We can also use awk with parted to further only print required output:

~]# parted -l | awk '$1=="Disk" && $2 ~ /^\/dev\/.*/ {print $2 $3 $4}'
/dev/sda:16.1GB
/dev/sdb:8590MB

 

4. du command

The du command stands for "disk usage", and it is a standard Linux command that is used to estimate the space used by a file or directory on a file system. It can be used to determine which files or directories are taking up the most disk space. du gives you flexibility to check disk space by folder in Linux.

The basic syntax of the du command is as follows:

du [options] [directory or file name]

By default, du displays the disk usage of each directory and subdirectory in the current directory. If you specify a directory or file name, it will display the disk usage of that particular directory or file.

Here are some commonly used options for the du command:

  • -h: Display the disk usage in a human-readable format, such as "1.2K" or "3.4M".
  • -s: Display only a total sum of the disk usage for the specified directory or file.
  • -c: Display a grand total of the disk usage for all the directories and files that are specified.
  • -a: Display the disk usage for all files and directories, including hidden files and directories.

Here are some example demonstrating different scenarios to check file system size using du command:

To check the disk usage of a particular directory:

du -sh /path/to/directory

To check disk space used by a single file:

du -h file.txt

To check disk space used by a directory and all its subdirectories:

du -h directory/

To check the total disk space used by a directory and all its subdirectories:

du -h -c directory/

To display the sizes of all files and directories in a directory (not just directories):

du -h -a directory/

 

To check size of all the files under a partition recursively

Check disk space in Linux using 10 different CMDs

 

To get total summary of size of files in a partition or directory

We can use du -c to print a total or summary of all the file size under provided directory or partition.

~]# du -sch /etc/iscsi/*
4.0K    /etc/iscsi/initiatorname.iscsi
16K     /etc/iscsi/iscsid.conf
20K     total

 

To sort the output based on file size

By default the du command will print the size of the file based on the first available directory or sub-directory. So the output is not sorted and it can be a tedious task to go through the long list. We can combine du with sort command do sort the output based on the file size.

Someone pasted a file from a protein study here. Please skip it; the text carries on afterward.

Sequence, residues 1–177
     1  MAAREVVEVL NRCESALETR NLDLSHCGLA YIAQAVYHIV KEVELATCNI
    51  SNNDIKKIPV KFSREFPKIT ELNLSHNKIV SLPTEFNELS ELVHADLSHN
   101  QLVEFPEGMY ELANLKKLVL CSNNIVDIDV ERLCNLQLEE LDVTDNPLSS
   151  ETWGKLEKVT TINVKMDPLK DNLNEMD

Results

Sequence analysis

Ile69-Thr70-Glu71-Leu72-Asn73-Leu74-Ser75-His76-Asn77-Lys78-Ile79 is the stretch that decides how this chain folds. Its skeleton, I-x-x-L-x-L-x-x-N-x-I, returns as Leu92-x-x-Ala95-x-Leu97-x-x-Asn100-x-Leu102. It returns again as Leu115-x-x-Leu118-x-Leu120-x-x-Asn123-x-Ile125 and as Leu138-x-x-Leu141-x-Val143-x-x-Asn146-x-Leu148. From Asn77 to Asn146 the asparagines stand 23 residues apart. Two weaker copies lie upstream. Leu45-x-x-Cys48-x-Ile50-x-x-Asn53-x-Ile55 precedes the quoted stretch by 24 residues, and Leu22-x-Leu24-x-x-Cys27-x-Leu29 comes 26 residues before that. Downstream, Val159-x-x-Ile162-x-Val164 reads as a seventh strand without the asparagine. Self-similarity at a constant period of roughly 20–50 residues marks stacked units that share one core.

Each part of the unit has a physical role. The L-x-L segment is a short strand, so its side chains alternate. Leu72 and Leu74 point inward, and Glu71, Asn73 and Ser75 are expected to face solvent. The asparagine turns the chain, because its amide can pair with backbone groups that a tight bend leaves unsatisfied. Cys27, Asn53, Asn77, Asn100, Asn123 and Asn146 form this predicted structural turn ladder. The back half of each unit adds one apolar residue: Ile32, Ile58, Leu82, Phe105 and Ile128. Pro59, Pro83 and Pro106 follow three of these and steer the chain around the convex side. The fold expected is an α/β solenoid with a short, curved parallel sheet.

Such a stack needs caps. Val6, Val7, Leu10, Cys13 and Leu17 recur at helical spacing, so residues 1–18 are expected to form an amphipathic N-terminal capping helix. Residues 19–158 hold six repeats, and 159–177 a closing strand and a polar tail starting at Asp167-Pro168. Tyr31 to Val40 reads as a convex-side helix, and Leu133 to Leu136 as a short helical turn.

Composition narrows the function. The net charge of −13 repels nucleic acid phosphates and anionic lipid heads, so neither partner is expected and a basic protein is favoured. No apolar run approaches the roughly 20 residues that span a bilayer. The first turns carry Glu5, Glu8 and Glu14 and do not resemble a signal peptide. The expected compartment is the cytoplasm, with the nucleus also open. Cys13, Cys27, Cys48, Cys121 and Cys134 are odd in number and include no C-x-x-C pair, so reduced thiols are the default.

Check disk space in Linux using 10 different CMDs

Here we have used du with sort -hr where -h is used to compare human readable numbers such as 2K, 1G, 4M etc while -r is used to reverse the order of search.

 

To print file size larger than specified size

By default du will print the size of every file found under a partition or directory. We can add a threshold to print files higher than a certain size.

For example here we are printing the files with size higher than 1MB under /var/log

~]# du -ach -t 1M /var/log/* | sort -hr
19M     total
8.9M    /var/log/anaconda
4.2M    /var/log/anaconda/lvm.log
3.2M    /var/log/anaconda/journal.log
1.9M    /var/log/dnf.librepo.log
1.6M    /var/log/audit/audit.log
1.6M    /var/log/audit

For more list of supported options check the man page of du command.

 

5. lsblk command

lsblk lists information about all available or the specified block devices. The lsblk command reads the sysfs filesystem and udev db to gather information. If the udev db is not available or lsblk is compiled without udev support than it tries to read LABELs, UUIDs and filesystem types from the block device.

We can use lsblk with -o LIST or --output LIST to get desired columns based on the value of LIST. Use lsblk --help to get a list of all supported columns.

We will use name, fstype, size, mountpoint LIST for our example. Although using only size and name was enough but to give more detailed output I am using additional list options.

~]# lsblk -o NAME,SIZE,FSTYPE
NAME         SIZE FSTYPE
sda           20G 
├─sda1         1G xfs
└─sda2      18.5G LVM2_member
  ├─rl-root 17.5G xfs
  └─rl-swap    1G swap
sdb            2G 
├─sdb1         2G zfs_member
└─sdb9         8M 
sdc            2G 
├─sdc1         2G zfs_member
└─sdc9         8M 
sr0         58.4M iso9660

 

6. blockdev command

We can use blockdev command to print a report for the specified device. It is possible to give multiple devices. If none is given, all devices which appear in /proc/partitions are shown. Note that the partition StartSec is in 512-byte sectors.

Check disk space in Linux using 10 different CMDs

You can also use following commands:

# returns size in bytes.
# blockdev --getsize64 /dev/sda

# returns size in 512-byte sectors.
# blockdev --getsz /dev/sda

 

7. lshw command

lshw is a small tool to extract detailed information on the hardware configuration of the machine. It can report exact memory configuration, firmware version, mainboard configuration, CPU version and speed, cache configuration, bus speed, etc. on DMI-capable x86 or IA-64 systems and on some PowerPC machines.